Against what the hon. Member for Dunfermline, East (Mr. Brown) said, the winter labour force survey shows that there are 150,000 more jobs in the United Kingdom than there were a year ago and that the number of people in employment is rising. He knows perfectly well that the proportion of our working age population in work is now the highest of any major European Union country. Those are facts to which the hon. Members for Dunfermline, East and for Peckham should pay tribute. If they cannot do that, at least they should say what their policies are.
My hon. Friend the Member for Sevenoaks (Mr. Wolfson) described the speech of the hon. Member for Dunfermline, East as disappointing. I believe that it was closer to being disgraceful. I read in The Daily Telegraph this morning a comment of Mrs. Blair. She was paying tribute to her husband, the hon. Member for Sedgefield (Mr. Blair) and, in paying tribute to her husband, she said that he was able to cook, change nappies and discuss economic policy over the telephone with the hon. Member for Dunfermline, East all at the same time.
Having listened to the hon. Member for Dunfermline, East today, and on the principle that it is garbage in, garbage out, it seems to me that the cooking, the nappies and the economic policy somehow were confused during the course of the hon. Gentleman's speech. His speech today was characterised by a refusal to answer questions and by a reversion to platitudes. I put it to the hon. Gentleman that it is not fair and it is not honest with the people of this country to try to fool them about serious matters such as unemployment and economic recovery.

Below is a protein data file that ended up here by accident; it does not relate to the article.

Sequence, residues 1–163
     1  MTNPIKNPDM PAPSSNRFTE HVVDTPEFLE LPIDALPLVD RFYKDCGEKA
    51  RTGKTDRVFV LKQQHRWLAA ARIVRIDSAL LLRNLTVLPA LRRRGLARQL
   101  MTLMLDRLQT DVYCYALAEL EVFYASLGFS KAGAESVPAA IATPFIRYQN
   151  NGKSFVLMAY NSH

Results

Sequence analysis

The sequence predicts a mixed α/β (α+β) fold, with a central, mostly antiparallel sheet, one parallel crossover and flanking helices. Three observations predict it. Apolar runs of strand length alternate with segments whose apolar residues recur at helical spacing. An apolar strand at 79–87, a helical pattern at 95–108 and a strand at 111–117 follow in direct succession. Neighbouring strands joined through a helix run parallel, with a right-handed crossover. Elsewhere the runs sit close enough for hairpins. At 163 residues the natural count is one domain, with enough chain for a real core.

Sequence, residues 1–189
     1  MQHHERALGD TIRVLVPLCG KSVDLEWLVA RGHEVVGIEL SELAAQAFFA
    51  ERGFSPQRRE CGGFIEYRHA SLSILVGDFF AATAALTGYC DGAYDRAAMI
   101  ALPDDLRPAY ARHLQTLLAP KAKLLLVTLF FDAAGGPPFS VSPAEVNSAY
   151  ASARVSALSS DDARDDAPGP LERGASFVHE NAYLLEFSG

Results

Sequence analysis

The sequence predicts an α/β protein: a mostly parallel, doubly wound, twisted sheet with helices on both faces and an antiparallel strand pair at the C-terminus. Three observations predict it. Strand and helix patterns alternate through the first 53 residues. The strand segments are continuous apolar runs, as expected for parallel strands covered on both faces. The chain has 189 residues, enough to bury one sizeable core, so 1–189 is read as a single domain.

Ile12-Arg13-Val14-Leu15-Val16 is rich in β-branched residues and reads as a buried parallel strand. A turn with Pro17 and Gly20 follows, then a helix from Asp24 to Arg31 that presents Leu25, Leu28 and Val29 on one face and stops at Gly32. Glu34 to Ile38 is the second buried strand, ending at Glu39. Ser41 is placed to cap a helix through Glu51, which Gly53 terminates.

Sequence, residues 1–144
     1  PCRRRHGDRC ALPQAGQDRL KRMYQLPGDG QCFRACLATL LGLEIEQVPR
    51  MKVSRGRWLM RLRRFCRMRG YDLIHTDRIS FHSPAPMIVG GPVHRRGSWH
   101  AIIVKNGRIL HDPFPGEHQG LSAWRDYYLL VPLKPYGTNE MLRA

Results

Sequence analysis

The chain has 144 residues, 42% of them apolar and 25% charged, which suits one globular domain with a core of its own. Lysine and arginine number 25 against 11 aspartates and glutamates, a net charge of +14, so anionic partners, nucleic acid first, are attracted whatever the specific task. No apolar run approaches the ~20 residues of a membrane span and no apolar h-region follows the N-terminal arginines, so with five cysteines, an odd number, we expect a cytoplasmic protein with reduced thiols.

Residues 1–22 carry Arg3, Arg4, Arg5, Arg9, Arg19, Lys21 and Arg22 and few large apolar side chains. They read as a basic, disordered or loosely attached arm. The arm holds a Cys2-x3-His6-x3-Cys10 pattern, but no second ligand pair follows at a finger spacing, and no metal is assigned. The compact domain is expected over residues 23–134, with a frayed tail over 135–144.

The new leader of the Labour party would be proud of the hon. Member for Dunfermline, East. His speech today was vacuous and fatuous. It was airy-headed, it was full of guff, and it was full of blah. Labour Members are about to elect a leader of the Labour party whose very name is a combination of blah and of air. It was a disingenuous, deceitful and dishonest speech. It was half-thought out, half-baked and less than half true. All the way through the hon. Gentleman's speech there was the hint of a planned economy re-emerging.
The electorate know that the only way that more jobs will be created is by having stable economic conditions and low inflation. That is what we have created. The people of this country know that the only way in which more jobs will be created is the way that has been followed around the world.
Over the past 10 years, 1.5 billion people have gone from dictatorship to democracy. All around the world, people see the strong connection between political freedom and economic freedom. All countries that have recently achieved political freedom are now following a policy of flexible labour markets, low tariffs, deregulation, privatisation and competition—all the policies which are espoused by the Government. It cannot be that only in Britain and only in Europe should those policies be tossed aside. The Government will follow those policies and carry them to fruition.